Bankrupt cities, out-of-control costsJuly 12, 2012
Stockton, California recently filed for bankruptcy because of out-of-control retirement costs. Back in the mid-90’s, in the middle of a stock market boom and on the verge of soaring real estate prices, the city decided that it would give firefighters full healthcare for life rather than pay increases. The next year, other public employees demanded – and received – the same deal.
Standard pension benefits ballooned as well. Police officers could retire at age 50, with generous benefits, while other city employees can retire at age 55 (compared to the majority of private-sector workers who cannot retire until their 60’s or later).
In less than 20 years, the city faced a $417 million liability but even as warning signs started to appear, public employees continued to get additional benefits, while the city spent money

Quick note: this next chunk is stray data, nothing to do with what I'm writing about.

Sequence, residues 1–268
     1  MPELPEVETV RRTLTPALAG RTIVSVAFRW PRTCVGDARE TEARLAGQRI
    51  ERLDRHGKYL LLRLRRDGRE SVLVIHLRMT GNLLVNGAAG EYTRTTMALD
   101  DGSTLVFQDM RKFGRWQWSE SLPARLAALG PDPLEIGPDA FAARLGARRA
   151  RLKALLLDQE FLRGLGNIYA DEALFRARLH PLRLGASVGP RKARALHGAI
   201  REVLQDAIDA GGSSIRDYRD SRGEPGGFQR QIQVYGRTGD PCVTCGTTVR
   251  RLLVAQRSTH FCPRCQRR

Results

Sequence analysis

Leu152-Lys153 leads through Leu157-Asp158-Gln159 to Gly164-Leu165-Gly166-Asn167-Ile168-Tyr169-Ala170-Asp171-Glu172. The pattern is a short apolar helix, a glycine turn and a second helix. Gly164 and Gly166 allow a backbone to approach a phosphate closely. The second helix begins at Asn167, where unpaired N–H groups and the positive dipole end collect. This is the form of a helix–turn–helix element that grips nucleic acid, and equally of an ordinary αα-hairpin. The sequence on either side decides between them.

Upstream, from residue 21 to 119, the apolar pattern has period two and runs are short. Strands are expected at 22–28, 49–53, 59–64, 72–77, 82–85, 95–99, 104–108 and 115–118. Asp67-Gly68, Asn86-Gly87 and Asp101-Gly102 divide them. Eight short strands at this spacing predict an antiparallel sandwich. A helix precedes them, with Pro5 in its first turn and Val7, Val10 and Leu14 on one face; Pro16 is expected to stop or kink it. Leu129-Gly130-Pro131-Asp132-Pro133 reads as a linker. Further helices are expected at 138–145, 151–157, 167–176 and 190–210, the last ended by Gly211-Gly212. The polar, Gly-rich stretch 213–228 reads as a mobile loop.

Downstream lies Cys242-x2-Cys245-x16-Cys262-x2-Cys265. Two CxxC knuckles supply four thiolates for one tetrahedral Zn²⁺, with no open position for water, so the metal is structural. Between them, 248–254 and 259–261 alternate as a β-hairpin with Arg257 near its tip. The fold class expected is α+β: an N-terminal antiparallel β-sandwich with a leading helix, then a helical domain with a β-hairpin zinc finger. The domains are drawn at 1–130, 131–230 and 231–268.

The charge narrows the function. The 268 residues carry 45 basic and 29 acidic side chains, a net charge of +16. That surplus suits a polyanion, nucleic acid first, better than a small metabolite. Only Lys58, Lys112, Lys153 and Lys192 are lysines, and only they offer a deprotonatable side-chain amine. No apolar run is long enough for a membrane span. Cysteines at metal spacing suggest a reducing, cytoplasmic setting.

in other areas as well. Wanting to “revitalize” the city’s downtown, a $47 million bond was issued in 2004 to finance an arena – which lost money. The riverfront was financed by $100 million in debt – and is now underwater. A $125 million pension obligation bond sold by Stockton in 2007 resulted in a 23% loss on its invested proceeds. To top it all off, the housing bubble burst and by 2009, a decade’s worth of housing price increases was erased.
So far this year, Stockton has missed $2 million in bond payments. The bankruptcy filing calls for the city to forgo about $10 million in additional debt payments this year alone, cutting employee compensation and getting rid of lifetime health care benefits for retirees. After months of talks with creditors, city manager Bob Deis said they were left with no other option but to file for Chapter 9 protection.
On Tuesday night, the city council of San Bernardino voted to filed for bankruptcyas well. They are facing a $45 million shortfall this year. If they do file, they will be the 3rd California city in recent weeks, joining Stockton and Mammoth Lakes.
Reality is catching up with municipalities and states – addressing these long-term structural deficits can no longer be avoided or ignored.